Introduction: Women and travel, past and present

C. Khoo, E. Wilson

Research output: Chapter in Book/Report/Conference proceedingChapterpeer-review

1 Citation (Scopus)


In the opening ditty above, published in the British Punch magazine in 1893, we see the satirical rejection of a woman traveling, and the notion reiterated of travel as a primarily masculine venture. During this era, well over 100 years ago, it was not socially acceptable for women to travel, and certainly not on their own, without family or husband. It was around this time, in the late 1800s, where debates were sparking regarding the admission of women as fellows into the Royal Geographic Society-a debate which raged for over 20 years until 1913, when the Society finally admitted women for the first time (Bell & McEwan, 1996). Despite the controversies among geographical societies, many (Western) women defied societal and gendered conventions by traveling, often solo, and both at home and abroad. They negotiated, resisted, found ways of doing so. And in doing so, they defied traditional ideologies of “woman,” and “woman at home” (Wilson & Little, 2005). © 2017 by Apple Academic Press, Inc.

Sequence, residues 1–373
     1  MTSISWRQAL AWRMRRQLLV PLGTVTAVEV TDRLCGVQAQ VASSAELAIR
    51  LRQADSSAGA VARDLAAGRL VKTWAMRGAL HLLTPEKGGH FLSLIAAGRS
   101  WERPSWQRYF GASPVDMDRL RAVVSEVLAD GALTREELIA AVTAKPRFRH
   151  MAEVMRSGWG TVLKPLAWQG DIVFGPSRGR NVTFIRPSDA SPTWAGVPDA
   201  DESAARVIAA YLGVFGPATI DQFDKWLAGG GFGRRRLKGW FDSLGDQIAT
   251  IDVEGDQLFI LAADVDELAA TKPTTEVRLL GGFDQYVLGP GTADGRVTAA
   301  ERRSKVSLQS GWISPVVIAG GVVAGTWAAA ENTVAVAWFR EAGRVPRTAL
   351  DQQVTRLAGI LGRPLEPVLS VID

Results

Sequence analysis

Original languageEnglish
Title of host publicationWomen and Travel: Historical and Contemporary Perspectives
PublisherApple Academic Press
Number of pages14
ISBN (Print)9781771884693 (ISBN); 9781771884686 (ISBN)
Publication statusPublished - 2017
Externally publishedYes


  • Constraints
  • Empowerment
  • Historical perspectives on travel
  • Victorian women travellers


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